Exercise Paton highlighted the importance of having multiple communication channels for an effective response. An in-house, password-protected Internet website was established during the exercise that enabled players to access all relevant documents. This proved an effective incident management tool and NSW Health intends building a more sophisticated system to help manage future real and simulated public health emergencies.
Another web-based data management system used during Exercise Paton was NetEpi, an open-source outbreak management software being developed by NSW Health and adopted (on an interim basis) nationally. The version used was much improved compared to previous versions and its use during the exercise will help inform development of the final version, due for release in September 2007.
Collection and transportation of clinical specimens
During the early stage of a pandemic, the pre-test probability of a person presenting with influenza-like symptoms having pandemic influenza will not be high. An important priority therefore, will be to obtain a laboratory diagnosis as rapidly as possible. The steps to ensure this occurs are first, to obtain an adequate specimen, second, to suitably package, process and transport the specimen, third, use a reliable, rapid test method, and finally, relay the result to the clinicians. Exercise Paton tested the first two of these steps.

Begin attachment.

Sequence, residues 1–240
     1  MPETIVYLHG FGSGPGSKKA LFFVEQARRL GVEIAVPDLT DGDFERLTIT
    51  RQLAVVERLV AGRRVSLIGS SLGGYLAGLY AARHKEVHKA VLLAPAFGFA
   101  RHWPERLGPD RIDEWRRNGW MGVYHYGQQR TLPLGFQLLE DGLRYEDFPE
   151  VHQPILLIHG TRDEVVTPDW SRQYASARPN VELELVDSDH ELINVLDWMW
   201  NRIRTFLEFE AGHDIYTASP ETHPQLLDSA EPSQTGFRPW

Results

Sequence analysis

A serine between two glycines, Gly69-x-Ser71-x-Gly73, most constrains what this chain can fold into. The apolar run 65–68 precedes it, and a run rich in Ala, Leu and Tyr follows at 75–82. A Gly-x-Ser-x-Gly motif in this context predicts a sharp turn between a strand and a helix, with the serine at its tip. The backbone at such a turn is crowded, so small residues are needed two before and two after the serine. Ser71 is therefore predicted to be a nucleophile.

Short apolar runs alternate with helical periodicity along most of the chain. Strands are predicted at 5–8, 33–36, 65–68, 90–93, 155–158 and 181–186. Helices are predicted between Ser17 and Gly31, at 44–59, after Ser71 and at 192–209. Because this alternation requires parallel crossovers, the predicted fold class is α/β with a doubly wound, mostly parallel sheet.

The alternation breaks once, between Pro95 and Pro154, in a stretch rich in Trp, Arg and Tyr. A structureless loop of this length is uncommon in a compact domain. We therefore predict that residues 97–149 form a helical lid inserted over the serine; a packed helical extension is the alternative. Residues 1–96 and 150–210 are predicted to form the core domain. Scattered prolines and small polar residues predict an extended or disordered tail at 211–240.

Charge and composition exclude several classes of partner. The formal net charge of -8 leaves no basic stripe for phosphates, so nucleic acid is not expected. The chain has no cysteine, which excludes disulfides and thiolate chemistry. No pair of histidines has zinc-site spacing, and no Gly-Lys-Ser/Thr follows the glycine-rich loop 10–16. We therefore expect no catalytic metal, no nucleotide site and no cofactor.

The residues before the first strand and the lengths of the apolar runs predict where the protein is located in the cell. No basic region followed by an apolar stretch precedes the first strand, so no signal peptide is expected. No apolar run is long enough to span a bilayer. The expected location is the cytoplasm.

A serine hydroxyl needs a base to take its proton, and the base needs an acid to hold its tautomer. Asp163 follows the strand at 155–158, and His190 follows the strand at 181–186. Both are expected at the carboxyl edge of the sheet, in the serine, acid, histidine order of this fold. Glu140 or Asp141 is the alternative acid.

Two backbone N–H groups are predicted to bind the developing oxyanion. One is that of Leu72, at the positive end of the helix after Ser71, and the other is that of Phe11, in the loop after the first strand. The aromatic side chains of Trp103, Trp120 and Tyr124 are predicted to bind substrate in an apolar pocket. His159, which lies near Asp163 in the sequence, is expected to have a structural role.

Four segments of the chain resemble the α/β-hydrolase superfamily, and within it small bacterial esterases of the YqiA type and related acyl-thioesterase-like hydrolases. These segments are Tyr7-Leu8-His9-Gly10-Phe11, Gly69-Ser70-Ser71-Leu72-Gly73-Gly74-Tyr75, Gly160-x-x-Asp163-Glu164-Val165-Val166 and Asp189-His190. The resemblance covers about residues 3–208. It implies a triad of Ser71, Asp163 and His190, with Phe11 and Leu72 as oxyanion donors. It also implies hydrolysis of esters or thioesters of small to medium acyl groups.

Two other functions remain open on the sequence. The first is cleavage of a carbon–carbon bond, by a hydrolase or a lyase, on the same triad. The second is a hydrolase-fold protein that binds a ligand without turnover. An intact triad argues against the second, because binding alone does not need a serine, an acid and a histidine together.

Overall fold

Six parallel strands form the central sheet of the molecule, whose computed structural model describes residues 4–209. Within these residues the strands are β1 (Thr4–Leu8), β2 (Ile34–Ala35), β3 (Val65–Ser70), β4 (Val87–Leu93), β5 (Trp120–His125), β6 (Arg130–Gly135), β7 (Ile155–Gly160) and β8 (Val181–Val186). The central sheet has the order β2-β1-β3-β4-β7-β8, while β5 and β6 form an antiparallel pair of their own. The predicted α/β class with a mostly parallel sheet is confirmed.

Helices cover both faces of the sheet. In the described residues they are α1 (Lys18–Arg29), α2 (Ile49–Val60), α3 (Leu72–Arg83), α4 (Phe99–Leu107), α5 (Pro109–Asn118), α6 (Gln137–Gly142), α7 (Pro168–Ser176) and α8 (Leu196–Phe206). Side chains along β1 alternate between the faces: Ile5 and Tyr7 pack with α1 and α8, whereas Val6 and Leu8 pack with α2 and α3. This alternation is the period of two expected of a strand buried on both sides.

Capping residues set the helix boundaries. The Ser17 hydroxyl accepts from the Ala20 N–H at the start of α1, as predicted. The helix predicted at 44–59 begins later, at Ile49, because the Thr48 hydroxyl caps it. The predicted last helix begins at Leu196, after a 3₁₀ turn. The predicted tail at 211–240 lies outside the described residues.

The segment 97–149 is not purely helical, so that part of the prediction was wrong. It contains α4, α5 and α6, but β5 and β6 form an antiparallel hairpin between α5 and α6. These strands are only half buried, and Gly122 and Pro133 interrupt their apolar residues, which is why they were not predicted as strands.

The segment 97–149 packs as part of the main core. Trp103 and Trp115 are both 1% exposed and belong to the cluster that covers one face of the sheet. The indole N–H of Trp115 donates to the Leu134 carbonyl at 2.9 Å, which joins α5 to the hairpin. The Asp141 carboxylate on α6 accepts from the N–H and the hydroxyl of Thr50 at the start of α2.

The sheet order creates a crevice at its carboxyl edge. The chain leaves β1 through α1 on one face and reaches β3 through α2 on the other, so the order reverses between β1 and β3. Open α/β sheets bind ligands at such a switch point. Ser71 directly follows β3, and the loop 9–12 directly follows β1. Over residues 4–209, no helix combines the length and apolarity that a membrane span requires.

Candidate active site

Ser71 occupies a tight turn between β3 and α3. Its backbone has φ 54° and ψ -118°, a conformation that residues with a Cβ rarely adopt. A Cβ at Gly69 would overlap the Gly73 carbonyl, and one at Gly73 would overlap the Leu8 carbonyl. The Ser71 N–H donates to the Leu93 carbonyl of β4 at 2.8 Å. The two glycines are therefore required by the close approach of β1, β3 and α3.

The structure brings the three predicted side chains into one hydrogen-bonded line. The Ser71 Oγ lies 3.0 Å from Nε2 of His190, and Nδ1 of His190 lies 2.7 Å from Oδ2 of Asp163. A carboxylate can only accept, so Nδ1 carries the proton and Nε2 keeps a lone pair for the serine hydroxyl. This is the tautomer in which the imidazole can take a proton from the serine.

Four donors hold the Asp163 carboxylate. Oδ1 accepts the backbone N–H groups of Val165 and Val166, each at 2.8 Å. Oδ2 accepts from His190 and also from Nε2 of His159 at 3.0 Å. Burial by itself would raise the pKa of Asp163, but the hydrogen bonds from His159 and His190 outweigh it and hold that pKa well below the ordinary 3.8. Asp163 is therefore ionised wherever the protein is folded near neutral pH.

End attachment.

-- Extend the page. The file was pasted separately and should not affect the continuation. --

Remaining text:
Nineteen nose and throat swab specimens were collected during the exercise and the quality of all of them was deemed adequate by the laboratory. The quality of packaging was poor overall and clearer packaging guidelines will be developed. Using conventional specimen transportation methods, transit times for specimens ranged from 30 minutes to 4 hours in metropolitan areas, and 20 to 28 hours in rural areas. These transit times would have been longer if specimens had been taken outside of business hours. Given the urgency of confirming a clinical diagnosis during the early stages of a pandemic, strategies to expedite specimen transport from some areas to diagnostic laboratories need to be developed.